Member since Jun 2023
Myriam Vidal Valero is a bilingual science journalist from Mexico City. Her work has appeared in The New York Times, Science, El País, Inside Climate News, The Open Notebook, Medscape, Muy Interesante, Cancer World, ¿Cómo ves? and The Mexican Network of Science Journalism (Red MPC). In 2019 she received the Rosalynn Carter Fellowship for Mental Health Journalism. She is also a the recipient of the European School of Oncology Cancer Journalism award 2019-2020, the COMECYT Award for journalism on Scientific and Technological Innovation 2019, and the Walter Reuter German Journalism Award 2023.
She is a member of the Mexican Network of Science Journalists, the National Association of Science Writers, and the International Reporters and Editors, and has participated in several science journalism conferences and trainings, such as the workshop "In search of the vaccine against disinformation", organized by the GABO Foundation in Colombia and the Sabine Vaccine Institute workshop on vaccination aimed at Latin American journalists, in Argentina. In 2019 she gave a conference on how to report about vaccination during an event organized by the company Sanofi Pasteur in Paraguay.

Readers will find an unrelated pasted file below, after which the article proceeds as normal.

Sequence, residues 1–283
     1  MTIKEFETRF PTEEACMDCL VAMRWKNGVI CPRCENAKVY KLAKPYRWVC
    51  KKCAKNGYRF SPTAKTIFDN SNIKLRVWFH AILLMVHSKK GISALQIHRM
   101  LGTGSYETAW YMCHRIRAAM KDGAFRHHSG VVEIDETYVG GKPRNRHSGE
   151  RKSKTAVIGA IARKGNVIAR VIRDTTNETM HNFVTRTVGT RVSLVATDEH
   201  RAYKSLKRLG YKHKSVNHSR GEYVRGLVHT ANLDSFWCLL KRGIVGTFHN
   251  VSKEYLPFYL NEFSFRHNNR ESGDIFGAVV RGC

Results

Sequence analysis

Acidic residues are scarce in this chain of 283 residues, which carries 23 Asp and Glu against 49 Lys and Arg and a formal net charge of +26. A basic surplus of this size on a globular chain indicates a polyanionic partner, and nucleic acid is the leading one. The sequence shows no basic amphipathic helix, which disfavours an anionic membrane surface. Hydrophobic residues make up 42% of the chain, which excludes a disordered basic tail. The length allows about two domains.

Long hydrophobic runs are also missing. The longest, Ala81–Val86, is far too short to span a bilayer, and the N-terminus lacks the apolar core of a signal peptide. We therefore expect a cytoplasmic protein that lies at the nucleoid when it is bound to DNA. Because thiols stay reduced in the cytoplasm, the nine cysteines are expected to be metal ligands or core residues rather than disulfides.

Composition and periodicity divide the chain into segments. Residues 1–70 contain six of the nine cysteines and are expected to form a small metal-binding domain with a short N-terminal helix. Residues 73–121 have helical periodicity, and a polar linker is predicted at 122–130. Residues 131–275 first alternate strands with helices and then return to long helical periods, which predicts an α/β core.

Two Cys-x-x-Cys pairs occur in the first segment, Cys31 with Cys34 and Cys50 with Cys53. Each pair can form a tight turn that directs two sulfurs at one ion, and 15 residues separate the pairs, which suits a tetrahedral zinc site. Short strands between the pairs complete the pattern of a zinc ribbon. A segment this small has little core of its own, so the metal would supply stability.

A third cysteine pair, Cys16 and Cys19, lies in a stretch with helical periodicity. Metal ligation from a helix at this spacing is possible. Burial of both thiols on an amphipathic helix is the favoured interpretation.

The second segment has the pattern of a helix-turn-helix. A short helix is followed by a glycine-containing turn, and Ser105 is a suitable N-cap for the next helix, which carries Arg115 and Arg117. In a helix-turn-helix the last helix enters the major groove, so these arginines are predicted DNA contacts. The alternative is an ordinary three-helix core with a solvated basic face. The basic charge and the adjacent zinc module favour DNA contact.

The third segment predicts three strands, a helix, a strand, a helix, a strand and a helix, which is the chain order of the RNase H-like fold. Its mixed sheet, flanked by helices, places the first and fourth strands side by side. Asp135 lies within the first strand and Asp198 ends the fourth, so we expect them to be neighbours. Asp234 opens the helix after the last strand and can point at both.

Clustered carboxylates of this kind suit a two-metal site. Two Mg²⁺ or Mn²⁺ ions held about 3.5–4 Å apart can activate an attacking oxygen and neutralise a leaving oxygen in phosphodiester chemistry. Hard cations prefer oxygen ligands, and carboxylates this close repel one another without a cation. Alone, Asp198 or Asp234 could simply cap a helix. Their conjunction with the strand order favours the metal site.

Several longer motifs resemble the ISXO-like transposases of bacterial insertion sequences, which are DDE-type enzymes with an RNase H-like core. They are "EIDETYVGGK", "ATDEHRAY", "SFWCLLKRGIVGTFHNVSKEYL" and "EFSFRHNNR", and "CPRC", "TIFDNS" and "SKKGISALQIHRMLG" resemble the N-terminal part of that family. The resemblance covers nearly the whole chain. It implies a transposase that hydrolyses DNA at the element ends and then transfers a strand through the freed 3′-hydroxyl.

She completed an M.A. in Journalism at the Craig Newmark Graduate School of Journalism, CUNY, in New York, in 2022. Currently she's working at Nature.
Since 2021, Mexico has been running a government cloud seeding program to solve the country's drought-relates issues. The authorities report big successes from it, however, this investigative piece shows that they don't have the scientific evidence to back those statements.
After a new law that could hinder science in Mexico was approved, thousands of researchers in the country protested against it.
Researchers using the James Webb telescope discovered ingredients for planet formation in the Small Magellanic Cloud galaxy, where it was thought planets might not emerge.
The US Food and Drug Administration (FDA) approved GSK's vaccine against respiratory syncytial virus (RSV) for use in people aged 60 years and older. This is the first RSV vaccine to gain approval anywhere in the world, and researchers are celebrating. Here's a short history of its development and what the future holds.
Around the world, scientists concerned with climate change are looking for ways to measure the CO2 emissions from their research and find ways to reduce them.